Incapacity Planning

Posted on: December 19th, 2019

We’re guessing you don’t like to think about it - and - don’t like to talk about it, so we suggest you include incapacity planning in your estate plan and, then, move on to living your good life. Once you have protections in place for yourself and those you love, you can sleep well at night, focusing on good things.

Every estate plan needs to include incapacity planning (aka “disability planning”). Simple forms include powers of attorney for health care, day-to-day personal affairs, and business. More comprehensive forms of incapacity planning include trust planning.

  • Healthcare Decisions and Control. Consider your health care for a moment. As long as you are able to provide informed consent, you will continue to make your own healthcare decisions. But if something happens and you can’t, even if it’s for a little bit, don’t you want to be the one who selects the person who will make those decisions on your behalf? Most folks do. We’ll show you how to use powers of attorney, HIPAA releases, and trust planning to keep you in control and protect yourself and those you love.

And then there’s life support machines and medical heroics. If you don’t want to be kept alive by machines for 15 years like Terri Schiavo, you need a living will.

  • Financial Decisions and Control. And, if you can’t pay your bills and manage your day-to-day affairs, don’t you want to be the one who selects the person who takes over for you? If you don’t decide, the court will freeze your assets and make that decision. Your loved ones will have to go to court and pay attorney and court fees so someone can be appointed to take care of your tasks. Worst of all, the court has the power to appoint a stranger, who will charge significant fees and have access to your money, property, and bank accounts.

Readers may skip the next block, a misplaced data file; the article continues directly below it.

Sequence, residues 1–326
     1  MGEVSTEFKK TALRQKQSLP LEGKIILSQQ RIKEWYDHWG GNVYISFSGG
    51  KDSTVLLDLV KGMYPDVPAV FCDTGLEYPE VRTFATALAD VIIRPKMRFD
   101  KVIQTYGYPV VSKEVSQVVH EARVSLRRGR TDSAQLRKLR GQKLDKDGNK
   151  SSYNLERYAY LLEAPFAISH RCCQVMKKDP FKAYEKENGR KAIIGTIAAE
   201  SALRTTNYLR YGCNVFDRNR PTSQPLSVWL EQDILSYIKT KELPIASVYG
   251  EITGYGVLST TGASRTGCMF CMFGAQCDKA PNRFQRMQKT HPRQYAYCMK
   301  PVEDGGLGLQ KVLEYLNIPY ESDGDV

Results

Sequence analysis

That person won’t give money to your spouse and children. His job will be to pay your bills and manage your money in your best interests, no one else’s. Your spouse will lose control of assets.

  • Minor Children Decisions and Control. And, what about your minor children? Who’s authorized to care for them if you can’t?

We’ll help you get your disability plan in place - as part of your comprehensive estate plan - then - you can move through your life, knowing you were responsible and did the right thing. You protected yourself, those you love, and your assets. And don’t worry, incapacity planning is not as bad as it sounds.

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